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The Data Wars Continue
At its roots, Vergara v. California is about accountability and whether teacher compensation can be linked to student test scores. That is what makes it the latest in a series of ongoing battles over whether and how data should be used to evaluate teachers and improve the educational system.
Photo: Julia Macias, Beatriz Vergara, Elizabeth Vergara and Kate Elliot watch with two of their mothers as Ted Boutrous addresses the media. (Charlie Magovern/Neon Tommy)
San Diego -- The latest in what we might call the data wars comes from California. It was here that parents sued the state after they got so mad about their children being saddled with teachers who did not do enough to drive achievement in their schools.
Filed in May 2012, Vergara v. California alleges that California statutes concerning teacher tenure, layoffs and dismissal of bad teachers deny equal protection to students who are assigned to classrooms being taught by sub-par teachers and have a disparate impact on poor and minority students. This violates the California Constitution, the plaintiffs allege.
In June 2014, California Superior Court Judge Rolf M. Treu found for the plaintiffs and ruled that all the statutes were unconstitutional. The decision was appealed by Gov. Jerry Brown, himself a longtime supporter of teachers unions who opposed this suit.
Last month, a three judge panel on the state Court of Appeal reversed the trial court's decision. The panel held that the challenged statutes did not violate the state Constitution.
The plaintiffs have said that they will appeal that ruling to the California Supreme Court.
At its roots, this case is also about accountability and whether teacher compensation can be linked to student test scores. That is what makes Vergara v. California the latest in a series of ongoing battles over whether and how data should be used to evaluate teachers and improve the educational system.
Long before this case surfaced, we witnessed plenty of skirmishes over whether schools should be held accountable for the test scores of their students. The issue remains unsettled. The new question is whether the collection and application of data is now being overridden by laws meant to give teachers job security.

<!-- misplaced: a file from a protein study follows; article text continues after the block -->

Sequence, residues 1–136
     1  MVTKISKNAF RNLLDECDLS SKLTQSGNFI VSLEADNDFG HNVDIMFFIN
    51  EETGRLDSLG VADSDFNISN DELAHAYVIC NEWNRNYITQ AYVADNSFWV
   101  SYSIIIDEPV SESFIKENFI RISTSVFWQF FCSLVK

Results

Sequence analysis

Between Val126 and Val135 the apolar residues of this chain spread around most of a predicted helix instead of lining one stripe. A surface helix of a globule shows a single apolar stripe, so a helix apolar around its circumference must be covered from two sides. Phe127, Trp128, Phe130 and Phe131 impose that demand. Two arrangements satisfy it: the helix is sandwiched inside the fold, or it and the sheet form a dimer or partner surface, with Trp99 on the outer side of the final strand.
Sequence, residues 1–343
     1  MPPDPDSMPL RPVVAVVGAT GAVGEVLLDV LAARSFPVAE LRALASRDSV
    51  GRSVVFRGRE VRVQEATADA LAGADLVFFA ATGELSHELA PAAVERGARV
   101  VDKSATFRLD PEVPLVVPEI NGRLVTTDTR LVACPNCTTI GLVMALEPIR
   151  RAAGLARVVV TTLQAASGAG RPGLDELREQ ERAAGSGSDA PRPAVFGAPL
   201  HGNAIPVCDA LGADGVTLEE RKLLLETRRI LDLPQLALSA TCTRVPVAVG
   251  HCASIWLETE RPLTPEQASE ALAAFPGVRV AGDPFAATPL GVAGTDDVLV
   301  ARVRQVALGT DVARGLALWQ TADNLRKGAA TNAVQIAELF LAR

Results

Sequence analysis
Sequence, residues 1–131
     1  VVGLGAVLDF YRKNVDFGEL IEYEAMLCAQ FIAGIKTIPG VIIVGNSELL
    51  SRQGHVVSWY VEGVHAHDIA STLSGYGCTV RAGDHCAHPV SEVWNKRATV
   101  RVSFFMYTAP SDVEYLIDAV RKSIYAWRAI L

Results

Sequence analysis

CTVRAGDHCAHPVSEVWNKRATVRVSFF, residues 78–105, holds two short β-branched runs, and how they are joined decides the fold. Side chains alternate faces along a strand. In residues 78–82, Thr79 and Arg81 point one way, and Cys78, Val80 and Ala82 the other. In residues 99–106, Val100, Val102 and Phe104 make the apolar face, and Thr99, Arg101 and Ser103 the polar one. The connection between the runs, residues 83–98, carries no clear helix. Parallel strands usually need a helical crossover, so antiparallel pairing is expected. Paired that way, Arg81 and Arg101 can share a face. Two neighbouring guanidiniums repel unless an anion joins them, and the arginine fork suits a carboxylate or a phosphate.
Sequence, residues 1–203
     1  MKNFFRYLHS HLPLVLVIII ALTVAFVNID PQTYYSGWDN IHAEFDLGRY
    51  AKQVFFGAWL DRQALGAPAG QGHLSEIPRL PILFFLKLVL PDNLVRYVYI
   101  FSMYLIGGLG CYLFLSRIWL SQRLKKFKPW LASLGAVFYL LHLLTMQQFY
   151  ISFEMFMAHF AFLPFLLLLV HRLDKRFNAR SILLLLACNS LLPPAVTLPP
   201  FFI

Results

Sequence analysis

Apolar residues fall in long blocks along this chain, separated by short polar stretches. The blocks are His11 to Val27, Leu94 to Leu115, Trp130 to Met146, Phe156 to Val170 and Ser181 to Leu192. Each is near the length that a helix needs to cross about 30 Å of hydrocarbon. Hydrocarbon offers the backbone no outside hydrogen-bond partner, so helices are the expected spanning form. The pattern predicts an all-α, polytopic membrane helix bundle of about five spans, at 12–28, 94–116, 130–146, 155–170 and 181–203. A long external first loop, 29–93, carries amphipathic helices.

I'm sure that many teachers across California and the rest of the nation care deeply about the progress of their students. And they are free to use data to inform their classroom decisions, including adjusting teaching strategies to accommodate both low-performing and high-performing students.
Also, teacher tenure laws were supposed to be about preserving academic freedom, which is a worthwhile goal. Teachers have to know they could teach what they needed to teach, without fear of losing their job if they said the wrong thing.
But, in practice, some of the more generous laws protecting teacher employment are now really about nothing more than job security. In the Golden State, where a teacher earns tenure after just two years, the process for dismissing a bad teacher is longer and more difficult than for other state employees. And layoffs are based on seniority rather than how a teacher performs.
The teachers unions and other defenders of tenure laws claim that eliminating these statutes would result in lower-quality teachers and make it harder for the profession to attract and retain talented job candidates.
There is only one problem with that argument. Now that those same unions have tossed out student test scores and other measures of performance and done their best to insulate educators within a protective tenure bubble where they can’t be removed for poor performance, how will we ever determine what a higher-quality teacher looks like?
This is the latest case in what is an ongoing struggle to use data to improve education. On and on it goes.
But the case for good, sound data is one worth making. Without reliable information -- the kind that flows from independent, objective assessments of student progress -- parents won’t know whether their child’s school is producing passionate learners, educators won’t know whether their classrooms are on course, and students won’t know whether they will be ready for the real world.
Americans will be in the dark about all that. And if that is one concept that should be totally incompatible with education, it's darkness.
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